I didn’t quite realize how important advocacy was until I started working as a librarian. I’m finding that my first point of focus is the faculty and staff on our campus. I don’t think our services and skills are being utilized the way they could be, and one of my first goals in my position is to do outreach with our faculty, staff, and students. I know this will be a challenge so I’d love feedback on how other people have done this.

As far as getting published, the community college setting doesn’t require me to do so, but it is something I’d like to pursue for myself. I met some really fantastic people at the NCLA conference and I’m working up the courage to see if any of them would partner with me on research endeavors. I also need to spend a little more time deciding what avenues of research I’d like to pursue.

Thing 17: Prezi / data visualisation / slideshare

I was familiar with all of these tools/topics prior to reading the CPD23 post. I actually used a Prezi to get my job here, and I’d like to make a series of Information Literacy based Prezi’s that I’ll record using Camtasia to make videos for our library site. Data visualization is a topic that I first took notice of during my graduate studies and I find it fascinating but daunting. There are certainly some amazing free web tools to create visualizations, and this is something I’m exploring to make our library website more engaging and appealing. I’ve seen quite a few presentations on Slideshare and I like the idea of using it, but I haven’t yet created a presentation that I feel is worthy of uploading to test it out! Slideshare does serve a useful purpose, but I feel as though we should all be moving away from static Powerpoint style presentations to make use of more dynamic tools like Prezi and screen capture services.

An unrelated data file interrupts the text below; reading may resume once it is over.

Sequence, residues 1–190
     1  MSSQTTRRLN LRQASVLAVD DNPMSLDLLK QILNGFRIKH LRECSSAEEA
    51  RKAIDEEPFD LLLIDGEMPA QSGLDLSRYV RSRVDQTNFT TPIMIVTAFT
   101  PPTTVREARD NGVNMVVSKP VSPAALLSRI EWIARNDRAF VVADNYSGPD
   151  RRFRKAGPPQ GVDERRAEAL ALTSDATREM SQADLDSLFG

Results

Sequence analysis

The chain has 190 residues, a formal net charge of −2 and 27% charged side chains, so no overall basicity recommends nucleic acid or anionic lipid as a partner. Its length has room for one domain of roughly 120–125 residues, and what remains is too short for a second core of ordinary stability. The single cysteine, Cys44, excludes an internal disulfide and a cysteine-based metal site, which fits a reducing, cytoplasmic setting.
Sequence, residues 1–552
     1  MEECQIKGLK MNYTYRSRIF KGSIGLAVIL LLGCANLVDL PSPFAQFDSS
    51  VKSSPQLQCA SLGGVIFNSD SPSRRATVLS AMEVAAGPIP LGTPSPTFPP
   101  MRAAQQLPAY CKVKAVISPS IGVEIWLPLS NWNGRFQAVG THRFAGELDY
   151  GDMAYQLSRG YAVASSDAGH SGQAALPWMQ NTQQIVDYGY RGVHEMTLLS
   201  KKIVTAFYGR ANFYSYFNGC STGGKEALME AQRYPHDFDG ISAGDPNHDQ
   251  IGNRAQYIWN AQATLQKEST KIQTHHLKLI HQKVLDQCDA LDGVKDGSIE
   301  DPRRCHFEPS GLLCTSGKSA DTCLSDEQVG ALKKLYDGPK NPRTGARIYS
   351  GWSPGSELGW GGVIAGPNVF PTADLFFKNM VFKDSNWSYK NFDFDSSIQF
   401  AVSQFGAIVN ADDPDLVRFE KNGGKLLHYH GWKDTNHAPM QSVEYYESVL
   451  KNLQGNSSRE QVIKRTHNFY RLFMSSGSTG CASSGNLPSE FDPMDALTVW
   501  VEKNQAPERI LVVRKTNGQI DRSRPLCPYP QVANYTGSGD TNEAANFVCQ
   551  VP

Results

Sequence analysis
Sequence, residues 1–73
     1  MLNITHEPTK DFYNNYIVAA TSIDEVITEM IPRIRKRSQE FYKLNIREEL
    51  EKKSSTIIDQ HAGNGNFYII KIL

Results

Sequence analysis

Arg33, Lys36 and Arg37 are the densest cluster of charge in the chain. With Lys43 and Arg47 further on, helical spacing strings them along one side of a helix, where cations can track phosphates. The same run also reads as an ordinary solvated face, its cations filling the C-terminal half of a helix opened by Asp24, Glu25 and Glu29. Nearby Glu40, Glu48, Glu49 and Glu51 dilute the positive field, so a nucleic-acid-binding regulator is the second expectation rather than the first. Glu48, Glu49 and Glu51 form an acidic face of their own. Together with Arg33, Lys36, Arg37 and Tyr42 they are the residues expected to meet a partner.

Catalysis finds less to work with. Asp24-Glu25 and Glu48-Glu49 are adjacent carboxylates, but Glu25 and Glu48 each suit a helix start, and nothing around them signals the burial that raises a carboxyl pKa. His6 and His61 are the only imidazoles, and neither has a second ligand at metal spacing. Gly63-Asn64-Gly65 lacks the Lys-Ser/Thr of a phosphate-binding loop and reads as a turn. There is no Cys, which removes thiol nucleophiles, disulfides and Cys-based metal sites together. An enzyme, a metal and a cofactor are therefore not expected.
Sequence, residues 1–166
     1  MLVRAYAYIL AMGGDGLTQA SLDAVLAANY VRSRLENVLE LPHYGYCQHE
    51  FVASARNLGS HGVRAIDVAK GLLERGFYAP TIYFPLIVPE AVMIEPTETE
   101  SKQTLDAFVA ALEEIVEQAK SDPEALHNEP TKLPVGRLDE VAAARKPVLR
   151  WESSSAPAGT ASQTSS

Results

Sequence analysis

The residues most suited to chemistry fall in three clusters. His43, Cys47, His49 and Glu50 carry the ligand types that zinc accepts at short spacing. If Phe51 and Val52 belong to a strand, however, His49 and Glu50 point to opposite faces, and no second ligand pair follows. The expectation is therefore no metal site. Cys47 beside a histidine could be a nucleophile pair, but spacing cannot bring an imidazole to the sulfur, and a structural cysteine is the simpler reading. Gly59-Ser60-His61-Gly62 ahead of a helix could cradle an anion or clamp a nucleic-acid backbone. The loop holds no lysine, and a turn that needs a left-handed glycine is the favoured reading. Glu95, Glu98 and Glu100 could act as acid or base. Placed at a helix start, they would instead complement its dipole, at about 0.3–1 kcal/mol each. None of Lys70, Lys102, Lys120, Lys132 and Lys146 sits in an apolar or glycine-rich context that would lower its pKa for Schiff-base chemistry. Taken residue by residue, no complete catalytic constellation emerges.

Thing 18: Jing / screen capture / podcasts (making and following them)

Man, that turned out to be a nice segue! I hadn’t really used Jing or other screen capture services before I started my job, however, I am very proficient in the CTRL+PrtScn function in Microsoft! I like Jing because it’s fast and can be used for quick tutorials and help guides. Our campus has subscriptions to SnagIt and Camtasia so I am more likely to use those tools since they are already on my desktop.

Podcasts have been around for quite some time but I’ve never taken the time to get into using them. I don’t know why this is, and I’ve tried several times to get more into it but I just can’t. I’m not a huge talk radio or audio book type person, and I guess I’d rather read/see something than hear it. I suppose that makes me a visual learner! That being said, one of the things I’ve learned here at the community college is how important it is to present information in multiple formats so that all users can access it in a way that makes sense and is comfortable for them. Once things settle down in my job (ha ha) I will revisit podcasting and how I might be able to apply it here.